Trending Topics

7 tips for first-time memorial stair climb participants

From identifying your “why” to studying climb logistics, there are several factors to consider as you prepare to complete the climb in honor of fallen firefighters


City of Greensboro / Twitter

Every year, tens of thousands of individuals honor fallen firefighters by participating in memorial stair-climb events. Stair-climbing events, which might be co-located at a national conference or scheduled on or around Sept. 11 to honor the 343 FDNY firefighters who were killed on 9/11, could be firefighter-only events or open to the general public.

I was honored to participate in the 9/11 Memorial Stair Climb at Lambeau Field several years ago. It was an incredible sight to see a steady stream of people ascending and descending every flight of steps in the famous football stadium. Firefighters, representing departments from across the country, climbed in turnout gear or station uniforms. Civilians of every age and varying levels of fitness climbed the steps in workout clothing, quietly nodding to other climbers who stopped to catch their breath. Every participant somberly rang a bell to honor a specific fallen firefighter after climbing the equivalent of 110 flights of stadium steps – the same number of flights in each of Twin Towers.

If you are considering a memorial stair climb this September or planning ahead for next year, here are a few tips for first-time climbers to get you started and help you through the event.

1. Climb for a reason

Whether you are training for a 5K, half-marathon, triathlon or stair-climbing event you need to have a personal mission or a sense of purpose. What’s your why? Honoring the 343 is an important purpose as any for walking, running or climbing. Consider also having a personal “why” that will keep you going through training sessions and the hardest moments of the event. When I am in the hardest moments of a running race, my mind always goes to my love for my children. I want them to do difficult things, explore their mental and physical abilities, give back to their community and serve others. Knowing that they will be top of mind on the day of the event, I always make sure to remember them as I complete training sessions.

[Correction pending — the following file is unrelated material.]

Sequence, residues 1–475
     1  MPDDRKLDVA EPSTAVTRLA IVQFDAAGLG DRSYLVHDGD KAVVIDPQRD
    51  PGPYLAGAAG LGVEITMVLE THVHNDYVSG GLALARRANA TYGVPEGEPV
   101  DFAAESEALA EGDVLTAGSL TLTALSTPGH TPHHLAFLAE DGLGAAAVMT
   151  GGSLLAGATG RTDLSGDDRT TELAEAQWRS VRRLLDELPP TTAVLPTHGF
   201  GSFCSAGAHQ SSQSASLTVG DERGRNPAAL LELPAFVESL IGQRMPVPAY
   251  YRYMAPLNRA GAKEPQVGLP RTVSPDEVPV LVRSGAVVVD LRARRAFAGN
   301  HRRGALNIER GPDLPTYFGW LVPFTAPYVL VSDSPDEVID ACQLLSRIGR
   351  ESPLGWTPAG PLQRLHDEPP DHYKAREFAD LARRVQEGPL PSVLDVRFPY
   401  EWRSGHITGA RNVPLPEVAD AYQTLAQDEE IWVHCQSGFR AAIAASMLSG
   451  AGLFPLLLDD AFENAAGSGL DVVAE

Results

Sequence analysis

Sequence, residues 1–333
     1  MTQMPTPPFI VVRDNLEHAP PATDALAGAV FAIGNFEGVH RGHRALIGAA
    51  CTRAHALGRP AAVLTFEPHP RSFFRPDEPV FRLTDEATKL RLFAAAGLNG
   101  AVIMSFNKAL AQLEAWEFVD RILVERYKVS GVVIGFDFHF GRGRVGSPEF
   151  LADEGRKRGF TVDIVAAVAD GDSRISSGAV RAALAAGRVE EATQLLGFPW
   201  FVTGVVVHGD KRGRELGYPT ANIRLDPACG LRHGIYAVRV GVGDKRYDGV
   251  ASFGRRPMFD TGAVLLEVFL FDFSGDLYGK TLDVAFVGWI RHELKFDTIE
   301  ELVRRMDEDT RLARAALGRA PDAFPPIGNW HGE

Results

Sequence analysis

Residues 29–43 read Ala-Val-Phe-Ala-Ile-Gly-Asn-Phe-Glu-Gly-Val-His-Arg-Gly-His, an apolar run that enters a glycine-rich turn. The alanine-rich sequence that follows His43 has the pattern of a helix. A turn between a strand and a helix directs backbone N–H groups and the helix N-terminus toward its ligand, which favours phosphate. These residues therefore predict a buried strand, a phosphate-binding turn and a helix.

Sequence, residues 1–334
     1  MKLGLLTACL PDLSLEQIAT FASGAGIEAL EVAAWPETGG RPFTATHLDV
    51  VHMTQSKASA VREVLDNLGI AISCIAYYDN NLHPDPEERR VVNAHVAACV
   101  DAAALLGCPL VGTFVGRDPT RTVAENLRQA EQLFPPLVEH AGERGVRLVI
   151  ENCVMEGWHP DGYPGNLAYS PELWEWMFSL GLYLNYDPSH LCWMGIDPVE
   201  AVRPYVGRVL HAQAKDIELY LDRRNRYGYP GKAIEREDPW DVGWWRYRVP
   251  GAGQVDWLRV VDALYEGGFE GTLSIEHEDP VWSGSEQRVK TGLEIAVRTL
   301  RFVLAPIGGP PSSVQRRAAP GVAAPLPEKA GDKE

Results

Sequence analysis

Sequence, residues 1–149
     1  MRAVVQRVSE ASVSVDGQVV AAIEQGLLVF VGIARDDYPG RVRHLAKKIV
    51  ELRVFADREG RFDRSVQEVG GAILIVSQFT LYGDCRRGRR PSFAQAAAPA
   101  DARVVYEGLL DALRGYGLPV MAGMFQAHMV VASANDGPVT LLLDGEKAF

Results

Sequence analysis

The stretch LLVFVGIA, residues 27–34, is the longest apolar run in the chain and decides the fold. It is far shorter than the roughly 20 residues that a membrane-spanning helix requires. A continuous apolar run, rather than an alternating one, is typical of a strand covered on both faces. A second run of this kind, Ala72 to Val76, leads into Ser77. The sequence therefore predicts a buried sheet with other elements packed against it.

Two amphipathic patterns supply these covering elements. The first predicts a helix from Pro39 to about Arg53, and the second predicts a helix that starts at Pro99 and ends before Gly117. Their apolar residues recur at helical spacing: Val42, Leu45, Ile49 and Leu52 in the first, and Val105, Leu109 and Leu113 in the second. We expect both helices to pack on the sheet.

2. Physically prepare for the stair climb

If you are a fit firefighter or civilian who regularly exercises, you probably have the on-demand fitness to climb 110 flights of stairs. It won’t be easy, but you can likely push your way to the finish without much specific training. That being said, you’ll get a lot more out of participating if you prepare yourself for a stair-climb event with walking, jogging and, naturally, climbing stairs. Ideally, if you have access to a stairwell in a multiple-story building, climb those stairs a couple of days a week in the months leading up to the event. If you don’t have access to a building, the steps in your house, the bleacher at the local high school or even a hilly neighborhood will help get you ready for a stair climb. Of course, a stair-stepping machine at your local fitness center or gym is a great way to prepare.

3. Mentally prepare for the stair climb